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Diversity outdoors: Banff Mountain Film Fest explores wider range than ever before
'Fast Horse' - photo by Aaron Munson

Banff Mountain Film Festival

Thursday, April 25, 7 p.m., Lucas Theatre

$15 at

EVERY YEAR, the Banff Mountain Film Festival brings the best outdoors/environment themed documentaries and shorts to the Lucas Theatre for an evening of enlightening entertainment.

This year’s screening at the Lucas might be the most enlightening edition yet.

“This is without question the most diverse lineup we’ve had in 15 years of sponsoring the Banff Mountain Film Festival – seven years in Savannah,” says Katherine P. Smith of main regional sponsor Half-Moon Outfitters.

The diversity includes the characteristics of the highlighted people in the films as well as the subject matter.

“One film takes you into a Blackfoot tribe bareback horse race. Another brings you into the world of African-American mountain climbers,” Smith says.

"Margo Hayes: Break On Through."

“And we think Savannah might particularly like the story of the hairdresser that helps save beavers between occasional tequila shots,” laughs Smith, talking about the film The Beaver Believers,” she laughs.

Feel of Vision explores the life of a man who lost his eyesight in a hunting accident and is now a paddler.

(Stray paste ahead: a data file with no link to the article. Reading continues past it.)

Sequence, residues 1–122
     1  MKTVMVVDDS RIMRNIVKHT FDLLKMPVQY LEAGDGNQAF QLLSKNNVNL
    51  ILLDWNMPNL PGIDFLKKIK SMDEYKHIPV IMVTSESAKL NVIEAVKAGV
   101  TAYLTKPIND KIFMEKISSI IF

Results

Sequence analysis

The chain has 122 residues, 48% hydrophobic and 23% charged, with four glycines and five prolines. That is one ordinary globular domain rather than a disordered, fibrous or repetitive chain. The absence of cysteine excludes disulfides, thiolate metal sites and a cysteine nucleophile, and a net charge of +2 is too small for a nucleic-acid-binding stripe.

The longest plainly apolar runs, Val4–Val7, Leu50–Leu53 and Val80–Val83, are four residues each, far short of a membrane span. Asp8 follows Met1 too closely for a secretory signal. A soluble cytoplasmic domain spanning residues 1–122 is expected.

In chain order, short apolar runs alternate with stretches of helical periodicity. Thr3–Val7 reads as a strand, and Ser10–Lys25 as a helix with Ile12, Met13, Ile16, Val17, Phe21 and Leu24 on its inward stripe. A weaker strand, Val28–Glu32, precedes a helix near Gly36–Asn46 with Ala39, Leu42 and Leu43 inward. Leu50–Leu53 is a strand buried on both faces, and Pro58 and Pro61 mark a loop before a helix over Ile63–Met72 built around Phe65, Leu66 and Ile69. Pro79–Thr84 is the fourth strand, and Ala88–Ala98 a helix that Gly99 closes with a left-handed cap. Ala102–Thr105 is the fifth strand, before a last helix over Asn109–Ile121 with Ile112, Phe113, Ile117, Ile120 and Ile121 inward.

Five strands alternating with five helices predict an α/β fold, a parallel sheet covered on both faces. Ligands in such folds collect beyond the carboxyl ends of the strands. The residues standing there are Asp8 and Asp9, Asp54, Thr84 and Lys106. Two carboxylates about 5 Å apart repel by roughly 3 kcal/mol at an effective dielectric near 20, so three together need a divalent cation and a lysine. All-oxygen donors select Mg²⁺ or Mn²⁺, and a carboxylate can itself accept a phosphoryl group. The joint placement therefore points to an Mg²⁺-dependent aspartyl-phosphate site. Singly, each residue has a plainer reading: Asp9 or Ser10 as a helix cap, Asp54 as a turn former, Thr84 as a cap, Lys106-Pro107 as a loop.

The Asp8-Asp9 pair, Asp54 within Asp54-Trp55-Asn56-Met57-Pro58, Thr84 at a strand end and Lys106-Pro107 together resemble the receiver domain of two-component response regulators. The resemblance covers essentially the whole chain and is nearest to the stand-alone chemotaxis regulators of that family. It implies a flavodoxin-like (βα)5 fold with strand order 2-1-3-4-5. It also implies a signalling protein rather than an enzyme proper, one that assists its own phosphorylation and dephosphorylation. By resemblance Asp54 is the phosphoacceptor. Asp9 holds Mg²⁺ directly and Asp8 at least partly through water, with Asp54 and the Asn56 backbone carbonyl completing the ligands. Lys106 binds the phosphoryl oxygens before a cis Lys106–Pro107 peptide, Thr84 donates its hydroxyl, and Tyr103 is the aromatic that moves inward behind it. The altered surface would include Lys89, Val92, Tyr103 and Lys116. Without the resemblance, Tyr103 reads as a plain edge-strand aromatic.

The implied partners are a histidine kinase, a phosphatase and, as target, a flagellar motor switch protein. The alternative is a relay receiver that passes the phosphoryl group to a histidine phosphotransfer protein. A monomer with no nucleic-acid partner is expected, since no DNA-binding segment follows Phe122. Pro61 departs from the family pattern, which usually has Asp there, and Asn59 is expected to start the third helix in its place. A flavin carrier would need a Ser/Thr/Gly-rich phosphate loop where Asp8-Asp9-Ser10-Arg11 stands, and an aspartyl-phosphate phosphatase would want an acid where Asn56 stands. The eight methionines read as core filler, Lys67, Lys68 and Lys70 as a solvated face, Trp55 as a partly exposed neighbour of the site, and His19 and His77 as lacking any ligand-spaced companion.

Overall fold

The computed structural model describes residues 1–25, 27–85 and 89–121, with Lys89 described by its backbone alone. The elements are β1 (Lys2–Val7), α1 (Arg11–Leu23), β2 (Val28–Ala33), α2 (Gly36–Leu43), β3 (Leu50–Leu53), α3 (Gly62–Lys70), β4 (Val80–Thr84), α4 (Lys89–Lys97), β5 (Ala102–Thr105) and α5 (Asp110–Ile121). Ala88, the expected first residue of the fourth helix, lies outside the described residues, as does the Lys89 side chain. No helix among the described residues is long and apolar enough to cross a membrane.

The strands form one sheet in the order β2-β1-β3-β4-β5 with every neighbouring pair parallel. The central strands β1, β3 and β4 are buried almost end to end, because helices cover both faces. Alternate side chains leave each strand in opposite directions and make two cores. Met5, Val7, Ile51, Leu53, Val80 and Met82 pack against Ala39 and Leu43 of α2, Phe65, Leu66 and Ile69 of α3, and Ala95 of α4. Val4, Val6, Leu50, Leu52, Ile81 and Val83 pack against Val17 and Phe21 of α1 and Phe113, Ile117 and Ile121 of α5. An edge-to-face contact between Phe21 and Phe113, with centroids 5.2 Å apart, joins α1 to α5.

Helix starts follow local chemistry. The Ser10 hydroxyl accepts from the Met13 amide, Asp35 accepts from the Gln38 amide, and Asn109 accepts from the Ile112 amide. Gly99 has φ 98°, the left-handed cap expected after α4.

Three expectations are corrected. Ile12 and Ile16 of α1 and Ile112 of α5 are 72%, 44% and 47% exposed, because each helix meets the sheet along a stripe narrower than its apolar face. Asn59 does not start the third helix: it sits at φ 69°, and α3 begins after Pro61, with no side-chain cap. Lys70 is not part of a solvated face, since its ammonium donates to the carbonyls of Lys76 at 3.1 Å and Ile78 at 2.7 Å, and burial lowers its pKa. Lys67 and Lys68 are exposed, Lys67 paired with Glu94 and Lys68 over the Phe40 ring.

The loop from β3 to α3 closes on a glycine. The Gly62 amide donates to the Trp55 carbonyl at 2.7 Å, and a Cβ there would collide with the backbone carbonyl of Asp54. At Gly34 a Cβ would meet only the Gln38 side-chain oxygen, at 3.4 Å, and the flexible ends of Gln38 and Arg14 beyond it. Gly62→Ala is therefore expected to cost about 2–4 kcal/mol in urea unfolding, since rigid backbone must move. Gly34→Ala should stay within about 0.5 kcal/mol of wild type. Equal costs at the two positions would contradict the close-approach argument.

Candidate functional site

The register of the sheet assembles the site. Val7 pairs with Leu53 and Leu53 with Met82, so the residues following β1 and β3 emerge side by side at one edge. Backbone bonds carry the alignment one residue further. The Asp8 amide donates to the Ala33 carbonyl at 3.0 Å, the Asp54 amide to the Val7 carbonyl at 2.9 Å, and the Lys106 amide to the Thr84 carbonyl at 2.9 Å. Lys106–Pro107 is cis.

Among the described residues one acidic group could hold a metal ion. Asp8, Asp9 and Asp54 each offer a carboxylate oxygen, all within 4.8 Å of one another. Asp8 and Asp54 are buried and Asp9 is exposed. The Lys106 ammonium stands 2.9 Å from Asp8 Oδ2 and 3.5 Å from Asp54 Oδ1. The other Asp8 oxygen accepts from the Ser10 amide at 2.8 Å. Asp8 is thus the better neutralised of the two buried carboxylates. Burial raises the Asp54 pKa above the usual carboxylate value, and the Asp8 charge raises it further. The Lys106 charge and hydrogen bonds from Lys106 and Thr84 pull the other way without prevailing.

How to Run 100 Miles is about one man’s journey from homelessness and learning disabilities to life as a runner.

The new focus on diversity is a far cry from old stereotypes about environmentalism, and environmental filmmaking, mostly dealing with affluent white people.

“Society is changing and these films reflect that. It’s what people want now,” Smith says.

“We’ve been limited by what filmmakers have been producing -- we can only screen what is made. But there’s really a demand for these kinds of stories. The diversity you’ll see at this year’s event comes from that group of filmmakers for whom telling these different stories from different viewpoints is a real priority.”

The event is part of the Banff Mountain Film Festival World Tour, which hits the road soon after the signature main event at the Banff Centre in Canada. Stops are planned in about 550 communities and more than 40 countries across the globe.